SEMVA artists hope for more visibility in new gallery

Visually, the new gallery is a major improvement over the Peace Plaza space. At 1,849 square feet, its slightly smaller, but there is a natural flow and openness that makes browsing a more comfortable experience. Now, the quest is to get potential...

Rochester artist Gene Wolf hangs new work at SEMVA Art Gallery in downtown Rochester. The gallery opened in October at its new location on South Broadway after vacating its longtime gallery space in the Peace Plaza.
We are part of The Trust Project.

Navigating all the changes in downtown Rochester these days can be an art form.

Which is perhaps why the new SEMVA gallery could be a success.

The gallery operated by Southeastern Minnesota Visual Artists vacated its former home on the Peace Plaza in December 2015 after 23 years due to slipping sales and a 40-percent increase in rent. For nearly two years after that, the local artists affiliated with SEMVA had no central place to show their work.

"It definitely hurt," said Larry Ricker, a photographer and president of SEMVA.

Then, last October, SEMVA moved into a new gallery space at 320 S. Broadway — not as ideal a location as the Peace Plaza. In fact, the new gallery is on a busy street with limited pedestrian traffic. You almost have to be looking for the place to see it.


"It’s a struggle, but we knew it was going to be a struggle," Ricker said.

On the other hand, he said, "We had a great fall. October sales were especially good, and December, too. We were overwhelmed with the turnout we had for the grand opening."

That’s all well and good, but winter has been slow, and Ricker said he’s hoping warmer spring weather will bring in more shoppers. "Things are starting to pick up," he said. "The next few months will tell the tale."

The gallery has 70 artists exhibiting in the new space, compared with about 80 in the former location. But with lower rent, Ricker said, "That’s comfortable." Artists pay a membership fee to SEMVA to display their work in the gallery.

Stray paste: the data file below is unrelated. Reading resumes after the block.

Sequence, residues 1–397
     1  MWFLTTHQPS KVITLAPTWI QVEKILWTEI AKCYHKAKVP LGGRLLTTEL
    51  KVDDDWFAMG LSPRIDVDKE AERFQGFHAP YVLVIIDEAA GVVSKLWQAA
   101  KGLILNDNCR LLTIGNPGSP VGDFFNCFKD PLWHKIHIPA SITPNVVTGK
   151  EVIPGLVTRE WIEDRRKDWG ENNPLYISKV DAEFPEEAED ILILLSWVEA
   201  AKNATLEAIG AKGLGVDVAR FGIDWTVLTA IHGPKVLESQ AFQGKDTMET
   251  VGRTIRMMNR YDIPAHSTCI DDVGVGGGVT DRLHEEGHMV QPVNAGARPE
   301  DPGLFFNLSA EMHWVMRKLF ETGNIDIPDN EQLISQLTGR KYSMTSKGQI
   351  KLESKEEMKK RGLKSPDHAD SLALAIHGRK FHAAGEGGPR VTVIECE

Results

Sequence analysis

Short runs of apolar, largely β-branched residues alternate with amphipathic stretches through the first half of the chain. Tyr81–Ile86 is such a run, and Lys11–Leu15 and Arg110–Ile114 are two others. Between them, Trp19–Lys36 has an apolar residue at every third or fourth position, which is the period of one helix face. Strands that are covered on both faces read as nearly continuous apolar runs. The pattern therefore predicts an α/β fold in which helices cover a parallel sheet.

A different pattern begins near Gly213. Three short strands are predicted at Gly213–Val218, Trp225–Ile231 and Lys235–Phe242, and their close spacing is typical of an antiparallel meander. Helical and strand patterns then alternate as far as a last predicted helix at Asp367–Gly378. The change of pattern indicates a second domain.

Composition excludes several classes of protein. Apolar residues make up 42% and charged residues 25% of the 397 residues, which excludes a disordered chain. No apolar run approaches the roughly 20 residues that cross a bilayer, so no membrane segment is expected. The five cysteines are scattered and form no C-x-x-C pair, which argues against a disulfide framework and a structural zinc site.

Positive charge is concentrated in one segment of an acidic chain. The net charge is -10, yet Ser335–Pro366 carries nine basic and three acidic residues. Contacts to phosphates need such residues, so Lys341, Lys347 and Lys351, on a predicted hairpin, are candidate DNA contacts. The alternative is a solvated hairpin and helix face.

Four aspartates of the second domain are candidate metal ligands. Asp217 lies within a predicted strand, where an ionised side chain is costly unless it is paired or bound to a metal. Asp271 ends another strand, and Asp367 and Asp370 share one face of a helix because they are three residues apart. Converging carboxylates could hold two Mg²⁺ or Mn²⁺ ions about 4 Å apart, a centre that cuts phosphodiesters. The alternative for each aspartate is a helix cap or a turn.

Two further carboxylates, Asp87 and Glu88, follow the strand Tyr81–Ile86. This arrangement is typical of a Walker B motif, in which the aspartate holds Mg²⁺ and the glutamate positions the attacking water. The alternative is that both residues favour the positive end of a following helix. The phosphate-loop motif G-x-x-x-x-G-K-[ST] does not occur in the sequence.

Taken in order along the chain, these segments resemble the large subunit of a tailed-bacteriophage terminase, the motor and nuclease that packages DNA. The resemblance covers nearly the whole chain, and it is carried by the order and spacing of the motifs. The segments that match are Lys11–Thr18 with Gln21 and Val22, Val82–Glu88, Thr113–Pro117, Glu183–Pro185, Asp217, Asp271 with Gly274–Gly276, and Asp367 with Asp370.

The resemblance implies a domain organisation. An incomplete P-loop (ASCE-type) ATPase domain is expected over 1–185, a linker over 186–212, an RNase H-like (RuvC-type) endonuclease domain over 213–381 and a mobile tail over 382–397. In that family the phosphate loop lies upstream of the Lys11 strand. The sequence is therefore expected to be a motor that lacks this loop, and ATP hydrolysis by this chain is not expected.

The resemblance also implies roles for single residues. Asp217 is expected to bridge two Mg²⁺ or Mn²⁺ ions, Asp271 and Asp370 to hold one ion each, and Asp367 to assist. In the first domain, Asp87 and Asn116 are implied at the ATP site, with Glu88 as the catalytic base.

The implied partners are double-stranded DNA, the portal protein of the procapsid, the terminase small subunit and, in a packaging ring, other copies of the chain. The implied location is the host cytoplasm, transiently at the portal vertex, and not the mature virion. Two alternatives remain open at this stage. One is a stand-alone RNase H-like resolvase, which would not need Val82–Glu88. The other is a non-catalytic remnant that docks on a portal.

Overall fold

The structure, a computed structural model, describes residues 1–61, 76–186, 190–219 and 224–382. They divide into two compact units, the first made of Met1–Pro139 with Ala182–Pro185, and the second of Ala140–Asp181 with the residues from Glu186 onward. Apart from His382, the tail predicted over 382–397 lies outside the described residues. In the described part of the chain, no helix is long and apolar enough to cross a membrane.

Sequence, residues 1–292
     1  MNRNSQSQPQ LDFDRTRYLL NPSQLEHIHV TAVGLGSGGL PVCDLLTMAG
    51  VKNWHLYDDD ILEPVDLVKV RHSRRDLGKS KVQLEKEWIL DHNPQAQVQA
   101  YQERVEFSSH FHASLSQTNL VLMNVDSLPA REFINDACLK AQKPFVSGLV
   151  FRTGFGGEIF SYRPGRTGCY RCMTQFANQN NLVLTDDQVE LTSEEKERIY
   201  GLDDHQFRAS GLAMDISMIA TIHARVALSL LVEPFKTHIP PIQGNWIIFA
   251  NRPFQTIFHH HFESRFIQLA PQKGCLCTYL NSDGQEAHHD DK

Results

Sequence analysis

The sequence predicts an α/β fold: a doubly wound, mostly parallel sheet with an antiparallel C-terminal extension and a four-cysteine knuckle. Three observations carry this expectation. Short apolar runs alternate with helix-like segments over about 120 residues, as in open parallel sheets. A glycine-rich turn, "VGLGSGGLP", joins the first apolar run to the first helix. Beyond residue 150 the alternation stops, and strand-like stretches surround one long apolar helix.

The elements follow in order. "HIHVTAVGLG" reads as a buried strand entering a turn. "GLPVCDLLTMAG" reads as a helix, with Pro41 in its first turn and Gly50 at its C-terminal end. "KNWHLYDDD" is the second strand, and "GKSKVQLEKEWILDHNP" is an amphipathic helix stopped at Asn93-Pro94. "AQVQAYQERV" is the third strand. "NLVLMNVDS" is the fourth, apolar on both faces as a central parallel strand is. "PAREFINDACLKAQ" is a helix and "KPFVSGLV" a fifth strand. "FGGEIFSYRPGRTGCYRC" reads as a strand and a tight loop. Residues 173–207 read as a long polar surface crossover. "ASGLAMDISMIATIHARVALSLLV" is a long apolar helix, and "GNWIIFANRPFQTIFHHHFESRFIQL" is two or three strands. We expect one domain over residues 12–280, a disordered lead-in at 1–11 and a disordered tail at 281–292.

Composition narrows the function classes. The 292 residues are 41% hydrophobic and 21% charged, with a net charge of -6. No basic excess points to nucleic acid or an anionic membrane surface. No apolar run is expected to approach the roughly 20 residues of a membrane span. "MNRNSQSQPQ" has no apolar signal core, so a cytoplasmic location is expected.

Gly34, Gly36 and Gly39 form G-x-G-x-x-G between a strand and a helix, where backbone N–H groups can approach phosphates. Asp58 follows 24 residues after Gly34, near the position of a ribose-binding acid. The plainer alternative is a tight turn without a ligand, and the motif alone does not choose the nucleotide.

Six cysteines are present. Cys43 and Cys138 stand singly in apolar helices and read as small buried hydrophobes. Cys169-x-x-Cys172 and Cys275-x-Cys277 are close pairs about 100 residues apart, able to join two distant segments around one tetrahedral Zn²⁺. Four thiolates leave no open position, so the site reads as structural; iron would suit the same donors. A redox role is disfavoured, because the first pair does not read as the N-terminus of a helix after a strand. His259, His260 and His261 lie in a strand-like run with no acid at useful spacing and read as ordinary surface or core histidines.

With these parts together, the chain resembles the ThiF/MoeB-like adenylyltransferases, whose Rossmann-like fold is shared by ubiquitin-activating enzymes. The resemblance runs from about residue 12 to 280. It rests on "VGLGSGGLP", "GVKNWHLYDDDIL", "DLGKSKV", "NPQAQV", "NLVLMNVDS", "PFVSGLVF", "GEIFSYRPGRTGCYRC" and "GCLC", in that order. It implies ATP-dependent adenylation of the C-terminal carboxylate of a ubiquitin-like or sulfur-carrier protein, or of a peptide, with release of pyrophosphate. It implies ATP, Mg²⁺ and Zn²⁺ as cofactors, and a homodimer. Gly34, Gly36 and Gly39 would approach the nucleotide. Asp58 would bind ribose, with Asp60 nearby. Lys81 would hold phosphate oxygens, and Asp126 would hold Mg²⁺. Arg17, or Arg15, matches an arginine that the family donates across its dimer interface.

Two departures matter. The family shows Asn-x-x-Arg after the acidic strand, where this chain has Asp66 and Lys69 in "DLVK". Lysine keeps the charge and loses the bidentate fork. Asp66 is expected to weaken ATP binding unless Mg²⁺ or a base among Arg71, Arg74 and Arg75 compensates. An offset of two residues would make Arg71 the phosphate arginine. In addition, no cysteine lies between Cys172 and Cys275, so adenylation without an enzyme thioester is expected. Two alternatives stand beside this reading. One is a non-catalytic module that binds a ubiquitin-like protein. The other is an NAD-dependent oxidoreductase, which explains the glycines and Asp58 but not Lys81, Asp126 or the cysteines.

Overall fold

Visually, the new gallery is a major improvement over the Peace Plaza space. At 1,849 square feet, the new gallery is slightly smaller. But there is a natural flow and openness that makes browsing a more comfortable experience. The display of art pieces is also better arranged.

Now, the quest is to get potential customers into the gallery.

"We still have people who say, ‘We didn’t know you were open again,’ or ‘We’re glad we finally found you,’" Ricker said.

There are hopes that a small arts district taking shape, with SEMVA, Gallery 24, a framing shop, photo studio, Cafe Steam and the Boys & Girls Club’s new ice cream parlor — all within easy walking distance of one another — will draw more people to the area. Ironically, most storefronts on the Peace Plaza are currently vacant.


"People in Cafe Steam are looking across the street and seeing our sign," Ricker said. "We are getting some foot traffic."

Also encouraging was the turnout for Ladies Night Out earlier this month. "We had big sales that day," Ricker said. "We need to get involved with more events like that. We do recognize that having events definitely helps pull people in."

For starters, the organization is considering adding a second Art & Hors d’Oeuvres event annually.

Meanwhile, SEMVA artists are happy to once again have a place to call their own.

"It’s not just to sell our work," Ricker said. "It’s working and meeting with other artists."

The SEMVA Gallery is located at 320 S. Broadway in Rochester. Hours are 10 a.m. to 9 p.m. Monday, Wednesday, Thursday and Friday, 10 a.m. to 5 p.m. Tuesday, and 10 a.m. to 5 p.m. Saturday. Closed Sunday.


Last October, SEMVA moved into a new gallery space at 320 S. Broadway. The space is not as ideal as the Peace Plaza, says Larry Ricker, SEMVA board president. But there are signs of success.

Related Topics: ARTGALLERY
What to read next
Only 7 percent of U.S. adults have optimal measures of health. But you can take steps to make your numbers better. In this Health Fusion column, Viv Williams explores a study about our nation's cardiometabolic health status. And she shares her own lifestyle lapses in judgement.
Experts warn that simply claiming the benefits may create paper trails for law enforcement officials in states criminalizing abortion. That will complicate life for the dozens of corporations promising to protect, or even expand, the abortion benefits for employees and their dependents.
Dear Mayo Clinic: I am 42 and recently was diagnosed with diabetes. My doctor said I could manage the condition with diet and exercise for now but suggested I follow up with a cardiologist. As far as I know, my heart is fine. What is the connection between diabetes and heart health?
In Minnesota, abortion is protected by the state’s constitution and is legal up to the point of viability, which is generally thought to begin at about 24 weeks, when the fetus can survive outside the womb. Those who work with Minnesotans who seek abortions say barriers, both legal and practical, forced some to travel to Colorado, Nebraska, New Mexico, Washington, D.C., and Wisconsin even prior to the Supreme Court’s decision.